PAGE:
During Deliberation Nation, I attended the deliberation that talked about drinking at Penn State, called, “We Are…A “Dry Campus”? A Discussion about Penn State’s Drinking Policies. Before attending, I thought it would be very difficult for me to relate to the topic due to my lack of involvement with drinking, I found that it was a very novel discussion since instead of analyzing various policies that preventing students from drinking at Penn State, the discussion was geared more towards how to make the inevitable drinking culture safer since as many attendees mentioned, college students will drink no matter the policies in place to stop them.
Before the deliberation even began, I was surprised to see how many people showed up at the Fraser Commons. The professor had to grab more chairs so everyone could sit and even then, someone was standing in the back so I would estimate there were around twenty attendees at the deliberation, including a few “townies” as the State College residents were called. In contrast to our own deliberation, the professor also played a larger part by distributing the issue guide, telling everyone where the refreshments were, and during the break, passing said refreshments around, which was a little distracting from the deliberation.
However, the deliberation itself was very interesting. I think I would classify the topic as a type two problem since we were deliberating in order to improve the drinking policies at Penn State, which dealt heavily with the values of various people.
First and foremost, we discussed the policies in place at Penn State in Approach One, which included on and off campus policies as well as medical amnesty policies. There was a general consensus that medical amnesty laws were effective and someone mentioned that some states were expanding that policy to also protect the student in the medical emergency so the student who calls does not face backlash from that student or others for calling authorities, which most agreed was a worthwhile addition to the Amnesty laws. As mentioned before, most of the attendees agreed that students would drink off campus no matter what the Pennsylvania Laws said. On campus, they thought it would be better if the RAs were a little more lenient to students who have alcohols in their rooms if they aren’t bothering others in the hall since it is easier help students who drink and have an emergency in the dorms than those who must go off campus for a drink.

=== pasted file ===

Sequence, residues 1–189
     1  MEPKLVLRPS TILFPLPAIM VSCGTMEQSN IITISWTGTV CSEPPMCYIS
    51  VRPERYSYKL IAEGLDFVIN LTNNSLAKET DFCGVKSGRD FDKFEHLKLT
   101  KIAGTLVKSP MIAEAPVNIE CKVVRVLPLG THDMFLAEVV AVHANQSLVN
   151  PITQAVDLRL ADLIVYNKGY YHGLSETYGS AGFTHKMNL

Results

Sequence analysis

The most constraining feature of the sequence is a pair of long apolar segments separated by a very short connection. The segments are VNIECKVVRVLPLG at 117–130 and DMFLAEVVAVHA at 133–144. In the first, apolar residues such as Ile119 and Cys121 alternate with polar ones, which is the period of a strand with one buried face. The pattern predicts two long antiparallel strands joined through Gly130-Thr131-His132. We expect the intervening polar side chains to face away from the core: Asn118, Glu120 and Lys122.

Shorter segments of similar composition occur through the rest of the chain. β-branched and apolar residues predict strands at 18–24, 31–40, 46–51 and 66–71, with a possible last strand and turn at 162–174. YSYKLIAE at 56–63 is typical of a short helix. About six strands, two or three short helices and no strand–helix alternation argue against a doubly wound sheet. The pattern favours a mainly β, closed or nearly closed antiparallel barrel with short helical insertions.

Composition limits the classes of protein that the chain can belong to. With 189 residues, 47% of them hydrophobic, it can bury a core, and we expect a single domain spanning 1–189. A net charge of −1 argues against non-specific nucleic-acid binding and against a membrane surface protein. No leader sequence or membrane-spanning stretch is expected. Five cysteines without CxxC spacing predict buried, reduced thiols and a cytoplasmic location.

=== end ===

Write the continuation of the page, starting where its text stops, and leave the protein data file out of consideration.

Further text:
This led seamlessly to Approach Two, which regarded the enforcement of the drinking policy on campus. Many attendees shared stories about how their RAs approached drinking in the dorms, which revealed the disparity between RAs. Some only told their students to put the drinks away while others reported the students to housing. This led to a conversation about trust and most of the attendees agreed that they would trust a laid-back RA more than an uptight one for various issues they may have, such as drinking. Within this approach, we agreed that the NSO teams and other students guides should information about drinking that is objective and keeps students safe, but should not cross the line and become subjective and encourage students to go drink.
Finally, the third approach was about Penn State’s reputation as a party school and how to overcome this stigma. Most of the attendees agree that moderating social media and taking down posts that showed PSU students drinking would be too cumbersome and not very effective. Instead, emphasizing the academic, sports, and research achievements at Penn State on social media would be a better method of changing the reputation since it would show prospective students and the general public that there’s more to Penn State than just drinking
All in all, I thought the deliberation was successful in its goal to discuss various changes in policies to make drinking safer and it was also enjoyable to listen to the various stories and opinions shared by the attendees, as well as see the professor’s face in response to the stories about all the drinking mayhem that occurs at Penn State.